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  • 1167801.
    Zhang, Renyun
    et al.
    Mid Sweden University, Faculty of Science, Technology and Media, Department of Natural Sciences.
    Alecrim, Viviane
    Mid Sweden University, Faculty of Science, Technology and Media, Department of Natural Sciences.
    Hummelgård, Magnus
    Mid Sweden University, Faculty of Science, Technology and Media, Department of Natural Sciences.
    Andres, Britta
    Mid Sweden University, Faculty of Science, Technology and Media, Department of Natural Sciences.
    Forsberg, Sven
    Mid Sweden University, Faculty of Science, Technology and Media, Department of Natural Sciences.
    Andersson, Mattias
    Mid Sweden University, Faculty of Science, Technology and Media, Department of Natural Sciences.
    Olin, Håkan
    Mid Sweden University, Faculty of Science, Technology and Media, Department of Natural Sciences.
    Thermally reduced kaolin-graphene oxide nanocomposites for gas sensing2015In: Scientific Reports, ISSN 2045-2322, E-ISSN 2045-2322, Vol. 5, p. Art. no. 7676-Article in journal (Refereed)
    Abstract [en]

    Highly sensitive graphene-based gas sensors can be made using large-area single layer graphene, but the cost of large-area pure graphene is high, making the simpler reduced graphene oxide (rGO) an attractive alternative. To use rGO for gas sensing, however, require a high active surface area and slightly different approach is needed. Here, we report on a simple method to produce kaolin-graphene oxide (GO) nanocomposites and an application of this nanocomposite as a gas sensor. The nanocomposite was made by binding the GO flakes to kaolin with the help of 3-Aminopropyltriethoxysilane (APTES). The GO flakes in the nanocomposite were contacting neighboring GO flakes as observed by electron microscopy. After thermal annealing, the nanocomposite become conductive as showed by sheet resistance measurements. Based on the conductance changes of the nanocomposite films, electrical gas sensing devices were made for detecting NH3 and HNO3. These devices had a higher sensitivity than thermally annealed multilayer GO films. This kaolin-GO nanocomposite might be useful in applications that require a low-cost material with large conductive surface area including the demonstrated gas sensors.

  • 1167802.
    Zhang, Renyun
    et al.
    Mid Sweden University, Faculty of Science, Technology and Media, Department of Natural Sciences.
    Andersson, Henrik
    Mid Sweden University, Faculty of Science, Technology and Media, Department of Electronics Design.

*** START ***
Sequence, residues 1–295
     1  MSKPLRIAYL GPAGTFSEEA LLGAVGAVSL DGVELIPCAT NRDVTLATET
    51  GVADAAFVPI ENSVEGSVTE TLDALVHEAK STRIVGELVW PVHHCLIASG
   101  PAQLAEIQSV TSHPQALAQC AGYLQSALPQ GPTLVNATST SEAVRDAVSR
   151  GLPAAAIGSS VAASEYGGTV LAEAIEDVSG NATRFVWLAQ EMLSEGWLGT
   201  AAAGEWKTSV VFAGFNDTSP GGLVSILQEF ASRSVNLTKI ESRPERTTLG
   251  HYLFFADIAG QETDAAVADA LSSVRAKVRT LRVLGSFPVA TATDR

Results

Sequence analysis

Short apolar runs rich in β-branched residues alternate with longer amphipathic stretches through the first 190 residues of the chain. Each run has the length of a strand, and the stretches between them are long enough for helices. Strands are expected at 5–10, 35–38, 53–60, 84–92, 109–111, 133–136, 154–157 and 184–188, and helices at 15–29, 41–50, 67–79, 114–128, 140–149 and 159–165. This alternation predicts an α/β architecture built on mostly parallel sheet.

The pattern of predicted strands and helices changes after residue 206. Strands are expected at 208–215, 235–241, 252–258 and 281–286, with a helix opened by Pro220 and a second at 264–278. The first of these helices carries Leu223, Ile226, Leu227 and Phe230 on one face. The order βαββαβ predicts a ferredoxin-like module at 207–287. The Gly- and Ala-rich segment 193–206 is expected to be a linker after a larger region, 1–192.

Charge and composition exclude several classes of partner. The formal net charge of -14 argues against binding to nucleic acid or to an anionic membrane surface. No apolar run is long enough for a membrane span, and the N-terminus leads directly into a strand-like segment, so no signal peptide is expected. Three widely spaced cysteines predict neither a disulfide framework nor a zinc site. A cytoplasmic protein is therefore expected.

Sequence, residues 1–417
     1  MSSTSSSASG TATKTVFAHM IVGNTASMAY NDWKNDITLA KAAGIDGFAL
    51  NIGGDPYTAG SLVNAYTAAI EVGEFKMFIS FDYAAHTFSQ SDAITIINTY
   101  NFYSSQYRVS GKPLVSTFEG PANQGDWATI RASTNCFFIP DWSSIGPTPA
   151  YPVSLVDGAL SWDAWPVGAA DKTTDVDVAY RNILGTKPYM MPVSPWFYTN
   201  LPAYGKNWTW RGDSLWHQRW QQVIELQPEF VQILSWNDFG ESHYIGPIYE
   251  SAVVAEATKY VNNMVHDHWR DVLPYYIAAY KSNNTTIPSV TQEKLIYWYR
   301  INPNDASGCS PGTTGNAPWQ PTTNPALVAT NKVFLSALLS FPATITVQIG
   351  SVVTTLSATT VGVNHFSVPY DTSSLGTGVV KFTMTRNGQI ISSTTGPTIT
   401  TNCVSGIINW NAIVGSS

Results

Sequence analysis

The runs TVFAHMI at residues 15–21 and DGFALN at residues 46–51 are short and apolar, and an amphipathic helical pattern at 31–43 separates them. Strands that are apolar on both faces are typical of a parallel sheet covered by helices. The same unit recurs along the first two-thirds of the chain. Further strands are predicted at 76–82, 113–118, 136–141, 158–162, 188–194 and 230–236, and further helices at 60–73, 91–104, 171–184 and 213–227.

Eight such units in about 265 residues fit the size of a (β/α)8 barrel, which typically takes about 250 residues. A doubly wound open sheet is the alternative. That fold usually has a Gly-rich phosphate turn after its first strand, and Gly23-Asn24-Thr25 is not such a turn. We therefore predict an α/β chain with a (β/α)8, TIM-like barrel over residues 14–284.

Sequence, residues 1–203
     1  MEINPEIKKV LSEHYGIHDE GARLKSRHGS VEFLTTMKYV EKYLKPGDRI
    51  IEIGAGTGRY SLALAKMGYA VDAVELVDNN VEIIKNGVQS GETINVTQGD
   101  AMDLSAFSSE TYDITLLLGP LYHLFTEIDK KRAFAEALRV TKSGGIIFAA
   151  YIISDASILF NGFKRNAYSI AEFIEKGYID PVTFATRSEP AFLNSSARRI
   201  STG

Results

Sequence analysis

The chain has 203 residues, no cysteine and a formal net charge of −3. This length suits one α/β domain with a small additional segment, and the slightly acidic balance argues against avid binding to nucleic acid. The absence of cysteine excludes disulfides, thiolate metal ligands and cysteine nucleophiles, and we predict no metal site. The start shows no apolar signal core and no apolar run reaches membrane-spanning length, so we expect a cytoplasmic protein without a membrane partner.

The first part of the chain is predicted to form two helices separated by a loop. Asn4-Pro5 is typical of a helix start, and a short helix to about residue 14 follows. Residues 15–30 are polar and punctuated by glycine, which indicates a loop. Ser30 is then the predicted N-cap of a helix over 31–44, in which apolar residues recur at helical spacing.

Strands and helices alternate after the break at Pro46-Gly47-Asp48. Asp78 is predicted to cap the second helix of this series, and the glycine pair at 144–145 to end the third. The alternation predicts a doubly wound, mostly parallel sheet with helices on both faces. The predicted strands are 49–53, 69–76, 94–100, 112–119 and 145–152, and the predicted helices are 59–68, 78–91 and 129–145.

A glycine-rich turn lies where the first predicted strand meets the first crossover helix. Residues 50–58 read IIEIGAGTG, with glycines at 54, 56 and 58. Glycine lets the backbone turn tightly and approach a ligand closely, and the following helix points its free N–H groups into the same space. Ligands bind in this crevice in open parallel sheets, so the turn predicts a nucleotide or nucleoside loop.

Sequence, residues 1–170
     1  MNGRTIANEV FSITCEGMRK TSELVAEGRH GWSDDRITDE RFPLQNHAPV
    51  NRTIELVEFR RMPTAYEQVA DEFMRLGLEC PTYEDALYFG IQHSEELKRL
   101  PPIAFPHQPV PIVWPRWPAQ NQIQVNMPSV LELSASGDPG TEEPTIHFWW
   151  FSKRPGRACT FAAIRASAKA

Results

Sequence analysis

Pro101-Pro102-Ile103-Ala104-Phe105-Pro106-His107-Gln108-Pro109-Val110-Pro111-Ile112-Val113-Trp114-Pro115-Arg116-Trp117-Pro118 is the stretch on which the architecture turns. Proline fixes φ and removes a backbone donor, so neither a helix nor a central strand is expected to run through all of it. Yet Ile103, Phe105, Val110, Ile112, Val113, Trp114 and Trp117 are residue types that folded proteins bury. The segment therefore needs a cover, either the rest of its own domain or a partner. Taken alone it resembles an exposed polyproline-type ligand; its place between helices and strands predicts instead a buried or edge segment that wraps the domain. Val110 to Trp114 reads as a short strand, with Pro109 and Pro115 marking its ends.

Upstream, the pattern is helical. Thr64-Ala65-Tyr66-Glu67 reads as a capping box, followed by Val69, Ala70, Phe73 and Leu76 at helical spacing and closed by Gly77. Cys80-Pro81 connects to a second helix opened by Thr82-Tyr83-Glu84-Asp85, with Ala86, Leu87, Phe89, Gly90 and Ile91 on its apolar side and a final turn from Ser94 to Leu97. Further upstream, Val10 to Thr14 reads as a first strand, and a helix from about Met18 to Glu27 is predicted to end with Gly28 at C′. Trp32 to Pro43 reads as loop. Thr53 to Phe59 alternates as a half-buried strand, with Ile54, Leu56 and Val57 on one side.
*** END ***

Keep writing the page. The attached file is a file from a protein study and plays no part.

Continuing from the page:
Andersson, Mattias
    Mid Sweden University, Faculty of Science, Technology and Media, Department of Natural Sciences.
    Andres, Britta
    Mid Sweden University, Faculty of Science, Technology and Media, Department of Natural Sciences.
    Edlund, Håkan
    Mid Sweden University, Faculty of Science, Technology and Media, Department of Chemical Engineering.
    Edström, Per
    Mid Sweden University, Faculty of Science, Technology and Media, Department of Natural Sciences.
    Edvardsson, Sverker
    Mid Sweden University, Faculty of Science, Technology and Media, Department of Natural Sciences.
    Forsberg, Sven
    Mid Sweden University, Faculty of Science, Technology and Media, Department of Natural Sciences.
    Hummelgård, Magnus
    Mid Sweden University, Faculty of Science, Technology and Media, Department of Natural Sciences.
    Johansson, Niklas
    Mid Sweden University, Faculty of Science, Technology and Media, Department of Natural Sciences.
    Karlsson, Kristoffer
    Mid Sweden University, Faculty of Science, Technology and Media, Department of Natural Sciences.
    Nilsson, Hans-Erik
    Mid Sweden University, Faculty of Science, Technology and Media, Department of Electronics Design.
    Norgren, Magnus
    Mid Sweden University, Faculty of Science, Technology and Media, Department of Chemical Engineering.
    Olsen, Martin
    Mid Sweden University, Faculty of Science, Technology and Media, Department of Natural Sciences.
    Uesaka, Tetsu
    Mid Sweden University, Faculty of Science, Technology and Media, Department of Chemical Engineering.
    Öhlund, Thomas
    Mid Sweden University, Faculty of Science, Technology and Media, Department of Natural Sciences.
    Olin, Håkan
    Mid Sweden University, Faculty of Science, Technology and Media, Department of Natural Sciences.
    Soap-film coating: High-speed deposition of multilayer nanofilms2013In: Scientific Reports, ISSN 2045-2322, E-ISSN 2045-2322, Vol. 3, p. Art. no. 1477-Article in journal (Refereed)